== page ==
We could continue to pursue growth in our existing businesses and markets and further diversification across the competitive energy value chain. This could include investment opportunities in technology and innovation, renewables and other types of generation, and potential expansion of the existing wholesale gas businesses. Such initiatives could involve significant risks and uncertainties, including distraction of management from current operations, inadequate return on capital, and unidentified issues not discovered during diligence performed prior to launching an initiative or entering a market. Additionally, it is possible that FERC, state public utility commissions or others could impose certain other restrictions on such transactions. All of these factors could result in higher costs or lower revenues than expected, resulting in lower than planned returns on investment.
We may not realize or achieve the anticipated cost savings through the cost management efforts.
Our future financial performance and level of profitability is dependent, in part, on various cost reduction initiatives and may be affected by the separation transaction. We may encounter challenges in executing these cost reduction initiatives and not achieve the intended cost savings.
Risks Related to Our Separation from Exelon
We have no recent history of operating as an independent company, and our historical and pro forma financial information are not necessarily representative of the results that we would have achieved as a separate, publicly traded company and may not be a reliable indicator of our future results.
The historical information about Generation in this information statement refers to the business of Generation as integrated with Exelon. Additionally, the pro forma financial information included in this information statement is derived from our historical financial information and (i) gives effect to the separation and (ii) reflects our anticipated post-separation capital structure. Accordingly, the historical and pro forma financial information does not necessarily reflect the financial condition, results of operations or cash flows that we would have achieved as a separate, publicly traded company during the periods presented or those that we may achieve in the future primarily as a result of the factors described below:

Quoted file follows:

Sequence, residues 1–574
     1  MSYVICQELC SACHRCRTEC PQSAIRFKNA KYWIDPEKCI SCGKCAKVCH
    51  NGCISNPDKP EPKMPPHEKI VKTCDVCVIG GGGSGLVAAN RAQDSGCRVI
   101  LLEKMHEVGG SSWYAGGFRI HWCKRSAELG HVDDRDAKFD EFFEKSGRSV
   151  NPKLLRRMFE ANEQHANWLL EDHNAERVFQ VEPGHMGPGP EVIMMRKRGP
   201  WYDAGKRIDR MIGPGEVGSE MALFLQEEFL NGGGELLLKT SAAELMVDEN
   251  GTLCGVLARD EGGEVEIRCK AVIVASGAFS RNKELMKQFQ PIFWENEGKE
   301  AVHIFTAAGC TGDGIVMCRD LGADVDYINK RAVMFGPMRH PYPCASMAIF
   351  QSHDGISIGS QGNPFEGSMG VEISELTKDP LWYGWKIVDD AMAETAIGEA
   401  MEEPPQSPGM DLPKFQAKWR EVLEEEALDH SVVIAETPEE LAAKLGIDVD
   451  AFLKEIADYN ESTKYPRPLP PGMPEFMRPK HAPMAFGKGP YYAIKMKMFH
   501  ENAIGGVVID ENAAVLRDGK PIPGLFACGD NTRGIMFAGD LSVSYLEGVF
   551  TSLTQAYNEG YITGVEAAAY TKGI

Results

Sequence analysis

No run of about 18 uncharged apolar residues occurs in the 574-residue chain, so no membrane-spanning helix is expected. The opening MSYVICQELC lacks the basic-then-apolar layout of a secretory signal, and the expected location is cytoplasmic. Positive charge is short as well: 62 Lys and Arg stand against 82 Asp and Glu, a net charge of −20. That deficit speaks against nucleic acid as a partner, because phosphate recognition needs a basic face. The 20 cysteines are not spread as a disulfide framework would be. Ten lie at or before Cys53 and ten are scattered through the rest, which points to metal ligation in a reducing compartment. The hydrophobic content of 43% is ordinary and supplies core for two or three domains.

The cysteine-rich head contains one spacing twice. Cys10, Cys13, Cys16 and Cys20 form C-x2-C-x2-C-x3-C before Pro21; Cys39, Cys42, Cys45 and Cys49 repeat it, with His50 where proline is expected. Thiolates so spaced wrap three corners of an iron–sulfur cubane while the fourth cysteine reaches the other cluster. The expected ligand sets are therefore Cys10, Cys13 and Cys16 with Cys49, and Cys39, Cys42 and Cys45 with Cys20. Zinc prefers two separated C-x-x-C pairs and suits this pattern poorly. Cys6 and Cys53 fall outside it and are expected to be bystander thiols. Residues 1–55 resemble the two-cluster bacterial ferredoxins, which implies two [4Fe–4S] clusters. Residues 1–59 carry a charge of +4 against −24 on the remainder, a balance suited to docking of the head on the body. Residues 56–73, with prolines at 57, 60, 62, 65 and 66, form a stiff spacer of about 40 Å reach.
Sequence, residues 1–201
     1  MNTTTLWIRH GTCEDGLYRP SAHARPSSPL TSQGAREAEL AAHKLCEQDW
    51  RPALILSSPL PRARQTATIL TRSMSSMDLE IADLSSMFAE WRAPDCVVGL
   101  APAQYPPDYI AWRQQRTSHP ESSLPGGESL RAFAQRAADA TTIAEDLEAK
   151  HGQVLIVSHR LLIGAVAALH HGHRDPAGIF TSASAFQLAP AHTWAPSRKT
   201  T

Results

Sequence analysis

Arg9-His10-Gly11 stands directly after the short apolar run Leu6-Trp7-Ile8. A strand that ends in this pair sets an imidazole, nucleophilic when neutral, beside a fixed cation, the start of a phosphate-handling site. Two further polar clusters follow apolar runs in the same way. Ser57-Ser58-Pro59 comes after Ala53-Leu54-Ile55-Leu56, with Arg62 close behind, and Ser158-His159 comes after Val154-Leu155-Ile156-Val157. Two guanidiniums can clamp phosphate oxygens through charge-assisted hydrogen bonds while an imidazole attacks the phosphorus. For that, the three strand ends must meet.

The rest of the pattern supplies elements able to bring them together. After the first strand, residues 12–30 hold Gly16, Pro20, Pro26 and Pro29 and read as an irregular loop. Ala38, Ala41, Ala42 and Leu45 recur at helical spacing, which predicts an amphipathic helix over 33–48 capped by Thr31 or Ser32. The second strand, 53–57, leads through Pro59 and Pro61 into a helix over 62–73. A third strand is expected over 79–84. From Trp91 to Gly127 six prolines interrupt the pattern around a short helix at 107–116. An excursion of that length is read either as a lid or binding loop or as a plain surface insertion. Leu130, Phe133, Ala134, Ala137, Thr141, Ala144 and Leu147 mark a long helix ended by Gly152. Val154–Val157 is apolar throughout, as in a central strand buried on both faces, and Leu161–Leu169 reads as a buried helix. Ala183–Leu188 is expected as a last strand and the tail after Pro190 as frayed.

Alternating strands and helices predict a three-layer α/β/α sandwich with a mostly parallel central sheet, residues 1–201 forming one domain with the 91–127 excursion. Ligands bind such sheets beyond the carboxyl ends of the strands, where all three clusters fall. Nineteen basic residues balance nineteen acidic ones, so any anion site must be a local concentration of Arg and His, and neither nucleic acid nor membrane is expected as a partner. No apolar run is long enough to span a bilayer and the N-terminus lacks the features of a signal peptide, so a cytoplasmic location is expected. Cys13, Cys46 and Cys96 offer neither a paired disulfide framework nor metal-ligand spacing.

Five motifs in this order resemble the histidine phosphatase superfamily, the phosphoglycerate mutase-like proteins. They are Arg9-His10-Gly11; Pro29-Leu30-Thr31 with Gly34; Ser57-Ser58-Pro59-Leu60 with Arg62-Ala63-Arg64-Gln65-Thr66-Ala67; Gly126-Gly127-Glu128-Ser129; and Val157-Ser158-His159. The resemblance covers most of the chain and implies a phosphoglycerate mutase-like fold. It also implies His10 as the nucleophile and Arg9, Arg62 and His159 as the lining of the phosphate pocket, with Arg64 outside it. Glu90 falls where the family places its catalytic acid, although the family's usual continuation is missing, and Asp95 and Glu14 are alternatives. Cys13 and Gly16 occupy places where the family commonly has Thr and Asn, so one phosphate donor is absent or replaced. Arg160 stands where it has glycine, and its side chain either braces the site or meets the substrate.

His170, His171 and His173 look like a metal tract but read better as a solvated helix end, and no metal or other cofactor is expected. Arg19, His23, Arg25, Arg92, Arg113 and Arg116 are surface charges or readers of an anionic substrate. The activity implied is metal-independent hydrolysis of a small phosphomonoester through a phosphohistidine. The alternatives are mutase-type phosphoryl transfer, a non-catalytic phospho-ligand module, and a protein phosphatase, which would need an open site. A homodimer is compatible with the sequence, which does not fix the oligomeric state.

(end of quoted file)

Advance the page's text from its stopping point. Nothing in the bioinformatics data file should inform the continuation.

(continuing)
|·||Prior to the distribution, our business has been operated by Exelon as part of its broader corporate organization, rather than as an independent company. One of Exelon’s affiliates has performed various corporate functions for us, including legal, treasury, accounting, auditing, human resources, investor relations, and finance. Our historical and pro forma financial results reflect allocations of corporate expenses from Exelon for such functions, which may be less than the expenses we would have incurred had we operated as a separate, publicly traded company.|
|·||Currently, our business is integrated with the other businesses of Exelon. Historically, we have shared economies of scope and scale in costs, employees and vendor relationships. While we have sought to minimize the impact on us when separating these arrangements, there is no guarantee these arrangements will continue to capture these benefits in the future.|
|·||As a current part of Exelon, we take advantage of Exelon’s overall size and scope to obtain more advantageous procurement terms. After the distribution, as a standalone company, we may be unable to obtain similar arrangements to the same extent as Exelon did, or on terms as favorable as those Exelon obtained, prior to completion of the distribution.|
|·||After the completion of the distribution, the cost of capital for our business may be higher than our cost of capital prior to the distribution.|
Other significant changes may occur in our cost structure, management, financing and business operations as a result of operating as a company separate from Exelon. For additional information about the past financial performance of our business and the basis of presentation of the historical consolidated financial statements and the unaudited pro forma condensed consolidated financial statements of our business, see “Unaudited Pro Forma Condensed Consolidated Financial Information,” “Management’s Discussion and Analysis of Financial Condition and Results of Operations” and the historical consolidated financial statements and accompanying notes included elsewhere in this information statement.
Following the separation, our financial profile will change, and we will be a smaller, less diversified company than Exelon prior to the separation.
The separation will result in us and Exelon being smaller, less diversified companies with more limited businesses concentrated in their respective industries. As a result, we may be more vulnerable to changing market conditions, which could have a material adverse effect on our business, financial condition and results of operations. In addition, the diversification of our revenues, costs, and cash flows will diminish as a standalone company, such that our results of operations, cash flows, working capital and financing requirements may be subject to increased volatility and our ability to fund capital expenditures and investments, pay dividends and service debt may be diminished.